At How Do You Do It, we have been working with several clients supporting the further development of a flexible working culture. More of us expect it from work for a whole variety of reasons and it is no longer seen as an added benefit, just a way of working that should be in place. Like many of us, I am currently grappling with school holidays which really focuses my attention on how much I personally value flexible working.
However, turning that expectation into reality can be difficult with many factors to consider. One of the central challenges to address is our own mindset when we approach flexible working. There is some interesting research which highlights where it can be negative.
- The Working Families’ Top Employers benchmarking report for 2017 found that 42% of managers valued starting early or staying late as a sign of commitment, showing the value placed on presenteeism. This was in spite of 83% of organisations having the sponsorship of flexibility coming from the main board.
- In a study I have quoted in a previous blog, the Institute of Leadership and Management found that 27% of managers who had NEVER experienced flexible working thought it was a bad idea!
- The University of Kent’s 2017 study found “one-third of workers in the UK hold flexibility stigma – that is bias towards those who work flexibly and fear that working flexibly can lead to negative career outcomes’.
Hands up, I know that I have previously been guilty of the first. I am 45 and I started work at a time when flexible working wasn’t as prevalent. There wasn’t the technology to even contemplate working from home. Working in one of the Big 4, each week I had to complete timesheets accounting for the hours I worked which again highlighted that hours worked counted. It isn’t surprising that the culture I started my working life in influenced my mindset towards work.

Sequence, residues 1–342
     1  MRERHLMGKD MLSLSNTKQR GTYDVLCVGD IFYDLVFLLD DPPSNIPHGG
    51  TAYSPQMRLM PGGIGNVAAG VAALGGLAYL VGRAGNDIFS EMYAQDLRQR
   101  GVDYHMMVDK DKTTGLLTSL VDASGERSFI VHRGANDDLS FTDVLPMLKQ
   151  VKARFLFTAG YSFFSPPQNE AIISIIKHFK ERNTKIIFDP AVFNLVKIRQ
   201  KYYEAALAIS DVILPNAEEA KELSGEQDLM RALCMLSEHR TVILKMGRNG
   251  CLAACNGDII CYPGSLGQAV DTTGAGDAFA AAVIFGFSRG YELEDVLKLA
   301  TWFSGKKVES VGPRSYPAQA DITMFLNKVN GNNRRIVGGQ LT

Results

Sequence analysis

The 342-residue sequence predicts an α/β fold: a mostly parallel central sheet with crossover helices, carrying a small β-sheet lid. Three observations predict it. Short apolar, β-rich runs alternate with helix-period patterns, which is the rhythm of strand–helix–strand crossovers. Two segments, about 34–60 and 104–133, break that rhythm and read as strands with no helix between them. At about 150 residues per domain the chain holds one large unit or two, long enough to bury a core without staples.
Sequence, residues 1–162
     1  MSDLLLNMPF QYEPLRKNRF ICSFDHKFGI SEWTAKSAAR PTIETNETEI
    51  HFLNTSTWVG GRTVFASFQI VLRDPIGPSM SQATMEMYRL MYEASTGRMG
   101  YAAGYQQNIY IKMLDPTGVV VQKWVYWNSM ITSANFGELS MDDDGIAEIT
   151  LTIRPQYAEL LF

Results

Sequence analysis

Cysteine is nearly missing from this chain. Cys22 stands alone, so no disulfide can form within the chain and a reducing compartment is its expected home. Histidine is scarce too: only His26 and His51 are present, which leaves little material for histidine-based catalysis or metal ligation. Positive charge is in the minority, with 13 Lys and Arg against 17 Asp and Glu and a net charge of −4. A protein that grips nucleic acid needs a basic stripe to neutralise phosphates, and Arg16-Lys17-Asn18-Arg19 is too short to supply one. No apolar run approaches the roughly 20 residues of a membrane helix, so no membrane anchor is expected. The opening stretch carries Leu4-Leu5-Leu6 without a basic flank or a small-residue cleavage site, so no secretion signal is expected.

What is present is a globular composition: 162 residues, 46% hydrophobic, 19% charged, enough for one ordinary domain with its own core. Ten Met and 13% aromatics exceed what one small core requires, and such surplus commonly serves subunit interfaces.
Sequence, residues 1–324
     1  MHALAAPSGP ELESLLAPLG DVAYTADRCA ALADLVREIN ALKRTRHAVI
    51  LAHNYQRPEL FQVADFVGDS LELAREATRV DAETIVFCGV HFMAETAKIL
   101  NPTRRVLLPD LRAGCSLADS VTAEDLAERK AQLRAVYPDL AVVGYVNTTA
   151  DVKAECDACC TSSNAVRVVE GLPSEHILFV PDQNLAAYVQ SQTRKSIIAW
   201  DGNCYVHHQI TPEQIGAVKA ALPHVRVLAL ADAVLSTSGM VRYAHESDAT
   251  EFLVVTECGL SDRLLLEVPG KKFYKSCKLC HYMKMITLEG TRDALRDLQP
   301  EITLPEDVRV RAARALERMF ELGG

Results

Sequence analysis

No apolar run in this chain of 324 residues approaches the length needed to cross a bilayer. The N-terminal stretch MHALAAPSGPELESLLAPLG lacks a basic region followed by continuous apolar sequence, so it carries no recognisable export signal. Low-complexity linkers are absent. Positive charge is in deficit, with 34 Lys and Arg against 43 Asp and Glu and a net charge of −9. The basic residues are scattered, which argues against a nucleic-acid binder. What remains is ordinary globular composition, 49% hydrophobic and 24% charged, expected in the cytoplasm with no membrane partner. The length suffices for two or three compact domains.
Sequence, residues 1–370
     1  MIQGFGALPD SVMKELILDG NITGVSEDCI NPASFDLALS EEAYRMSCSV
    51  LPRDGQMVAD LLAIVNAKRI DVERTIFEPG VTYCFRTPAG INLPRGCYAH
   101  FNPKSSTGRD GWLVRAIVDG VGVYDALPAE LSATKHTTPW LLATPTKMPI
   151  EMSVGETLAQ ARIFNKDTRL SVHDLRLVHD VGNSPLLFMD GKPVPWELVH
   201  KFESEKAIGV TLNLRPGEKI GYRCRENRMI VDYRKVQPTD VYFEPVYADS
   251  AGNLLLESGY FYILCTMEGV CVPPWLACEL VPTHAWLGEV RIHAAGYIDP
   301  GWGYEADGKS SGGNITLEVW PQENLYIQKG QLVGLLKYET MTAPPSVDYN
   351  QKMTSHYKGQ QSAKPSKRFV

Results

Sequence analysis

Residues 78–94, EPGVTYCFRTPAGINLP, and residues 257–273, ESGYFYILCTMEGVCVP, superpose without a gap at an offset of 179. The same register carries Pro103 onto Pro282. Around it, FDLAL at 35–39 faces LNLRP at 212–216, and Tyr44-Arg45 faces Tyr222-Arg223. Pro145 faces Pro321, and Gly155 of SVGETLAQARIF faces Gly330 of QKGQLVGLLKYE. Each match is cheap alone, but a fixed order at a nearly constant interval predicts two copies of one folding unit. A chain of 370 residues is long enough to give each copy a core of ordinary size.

So what do you do about this? I believe the first step is to raise our own consciousness about our mindset towards flexible working. Are we carrying a judgement towards it that if we looked isn’t backed up by evidence? For example, how can 27% of managers say something is a bad idea if they haven’t ever experienced it? By being aware of our mindset, we have the choice to do something about it.
Next, we need to start talking about it. At How Do You Do It, we really value coaching in groups. By getting people to discuss their assumptions around flexible working, it is a chance to learn that others have a different view. I may assume I can’t get promoted whilst working flexibly as I don’t know anyone in my business area who has and then in a group coaching session, I meet someone who has done exactly that.
Finally, we need to be prepared to give new ways of working a go, focusing on what can be done as opposed to what can’t. By being willing to experiment, commit positively to new approaches and learning from what does and doesn’t work along the way, we can change our mindsets.
Clair Hodgson – EMEA Director
 Top Employers for Working Families, Benchmark Summary Report 2017,
 Institute of Leadership and Management, 2016, Flexible Working – goodbye to the nine to five –
 The University of Kent, 2017, Work Autonomy, Flexibility and Work Life Balance, p3